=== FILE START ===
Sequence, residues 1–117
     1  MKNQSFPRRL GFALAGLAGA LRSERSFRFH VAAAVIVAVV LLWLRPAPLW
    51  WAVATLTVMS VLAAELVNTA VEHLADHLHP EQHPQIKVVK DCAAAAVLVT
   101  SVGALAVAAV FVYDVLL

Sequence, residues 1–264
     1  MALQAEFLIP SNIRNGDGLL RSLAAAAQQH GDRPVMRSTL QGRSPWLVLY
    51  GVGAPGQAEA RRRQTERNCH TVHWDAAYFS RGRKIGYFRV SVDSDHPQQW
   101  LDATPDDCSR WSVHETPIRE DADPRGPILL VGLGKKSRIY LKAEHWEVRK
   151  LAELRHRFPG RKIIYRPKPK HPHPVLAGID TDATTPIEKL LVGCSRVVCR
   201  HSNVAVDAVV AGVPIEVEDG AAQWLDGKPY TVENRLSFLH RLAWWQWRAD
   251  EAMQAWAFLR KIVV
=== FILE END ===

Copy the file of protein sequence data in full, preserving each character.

Sequence, residues 1–117
     1  MKNQSFPRRL GFALAGLAGA LRSERSFRFH VAAAVIVAVV LLWLRPAPLW
    51  WAVATLTVMS VLAAELVNTA VEHLADHLHP EQHPQIKVVK DCAAAAVLVT
   101  SVGALAVAAV FVYDVLL

Sequence, residues 1–264
     1  MALQAEFLIP SNIRNGDGLL RSLAAAAQQH GDRPVMRSTL QGRSPWLVLY
    51  GVGAPGQAEA RRRQTERNCH TVHWDAAYFS RGRKIGYFRV SVDSDHPQQW
   101  LDATPDDCSR WSVHETPIRE DADPRGPILL VGLGKKSRIY LKAEHWEVRK
   151  LAELRHRFPG RKIIYRPKPK HPHPVLAGID TDATTPIEKL LVGCSRVVCR
   201  HSNVAVDAVV AGVPIEVEDG AAQWLDGKPY TVENRLSFLH RLAWWQWRAD
   251  EAMQAWAFLR KIVV